Funding was a constant issue. No-one wanted to give much investment to a company run by some students with no product or validation, so they survived on small wins and prizes from pitching the pillbox. Abe says that while it was tough when he looks back, he can see that it was good to go through bootstrapped development stages. For one thing, they all still own most of the company now.
He says that they have also been able to make their own mistakes in their own time too. Even with the pitching, initially, they felt that talking of his grandfather made the best story. Still, with experience, they realized that much of their potential, broad aged market would relate to Regina’s personal experience and involvement with the company even better.
The Big Turning Point:
The big turning point for Ellie Grid, the smart pill box, was crowdfunding with IndieGoGo in 2017. With this method, they were selling the product in advance of development to create funds, and the result was phenomenal. They had people buying into their pill box idea from all over the world, and those prospective users helped not just with money but with ideas and feedback and, most importantly, provided the much-needed market validation. They raised over £175,000 in only two months, which paid for them to go through the testing phase pre-scale.
Following this, they were able to go through other crowdfunding campaigns, and gain some Angel investment. In 2018, Regina took part in the Inaugural Accelerator Cohort in Austin and spent four months with Quake Capital’s accelerator, which specializes in seed investment.
They had planned to split their growth into two phases. The first of which was selling the hardware to develop some of the cash flow. With that achieved, they have been able to progress to phase two, monetizing the data by sales to Healthcare organizations.
This year they are predicting $2m in sales. While the crowdfunding came from an astounding 27 countries, they are currently concentrating on the US and Canada. They discovered that different countries supply pills in different ways, some in blister packs, for example, and some not. They are, however, getting a lot of interest from Europe for the pillbox.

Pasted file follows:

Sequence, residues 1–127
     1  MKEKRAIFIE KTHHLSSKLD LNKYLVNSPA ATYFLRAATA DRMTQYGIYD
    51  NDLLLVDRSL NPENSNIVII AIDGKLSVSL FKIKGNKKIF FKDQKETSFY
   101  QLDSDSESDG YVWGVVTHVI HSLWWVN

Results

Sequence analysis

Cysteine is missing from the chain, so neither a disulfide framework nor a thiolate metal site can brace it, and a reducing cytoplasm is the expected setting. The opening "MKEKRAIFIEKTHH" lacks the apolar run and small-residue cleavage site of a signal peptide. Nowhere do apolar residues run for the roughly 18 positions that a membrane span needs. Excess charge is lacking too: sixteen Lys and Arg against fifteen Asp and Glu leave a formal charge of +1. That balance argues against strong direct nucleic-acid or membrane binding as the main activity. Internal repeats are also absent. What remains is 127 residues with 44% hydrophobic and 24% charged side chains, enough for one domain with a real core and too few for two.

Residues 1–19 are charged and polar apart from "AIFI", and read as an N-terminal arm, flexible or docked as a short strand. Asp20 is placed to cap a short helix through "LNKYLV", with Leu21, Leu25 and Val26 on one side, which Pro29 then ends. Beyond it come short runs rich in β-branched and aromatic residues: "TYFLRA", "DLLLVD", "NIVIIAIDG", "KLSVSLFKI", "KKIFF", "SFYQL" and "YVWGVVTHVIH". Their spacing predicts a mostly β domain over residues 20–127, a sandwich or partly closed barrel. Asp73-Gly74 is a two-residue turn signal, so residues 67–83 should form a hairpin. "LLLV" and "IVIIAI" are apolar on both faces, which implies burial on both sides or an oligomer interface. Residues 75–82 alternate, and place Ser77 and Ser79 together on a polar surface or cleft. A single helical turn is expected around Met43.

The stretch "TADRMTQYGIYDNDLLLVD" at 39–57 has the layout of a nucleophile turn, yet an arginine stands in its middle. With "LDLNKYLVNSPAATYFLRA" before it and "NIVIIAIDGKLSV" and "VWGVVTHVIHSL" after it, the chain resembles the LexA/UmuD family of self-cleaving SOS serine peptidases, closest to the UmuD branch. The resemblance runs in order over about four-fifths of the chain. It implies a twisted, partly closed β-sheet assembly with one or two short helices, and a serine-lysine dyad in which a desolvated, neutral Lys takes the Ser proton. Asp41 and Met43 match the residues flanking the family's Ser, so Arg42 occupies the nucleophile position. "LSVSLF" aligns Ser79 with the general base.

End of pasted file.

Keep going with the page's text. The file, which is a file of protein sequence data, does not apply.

They are now partnering with the CRO’s (contract research organizations) that allow patients to be tracked within clinical trials. Many of these trials are currently being carried out in people’s homes because of COVID, so this makes their pillbox especially relevant.
But the effects of EllieGrid’s smart pill box will be a lot more far-reaching than a convenient, even fashionable gadget. An incredible 125,000 people in the US alone die because they are not taking their medications correctly or at all every year. Someone failing to take medication might only be picked up when they fail to pick up a new prescription 60 days later under the current system. Abe and Regina aim to make it possible to sound an alert within hours.
Next year, they hope to develop their AI to collect typical patterns of non-compliance. For example, if someone uses typically uses their telephone in the morning and misses that, they may not be feeling well, which in turn makes it more likely that they would miss their evening pills. It will take time to collect and then test the data on this, but vast numbers of lives could be saved in the long term.
Everything had looked rosy for Abe and Regina and the EllieGrid smart pill box. But life took an unexpected and terrifying turn.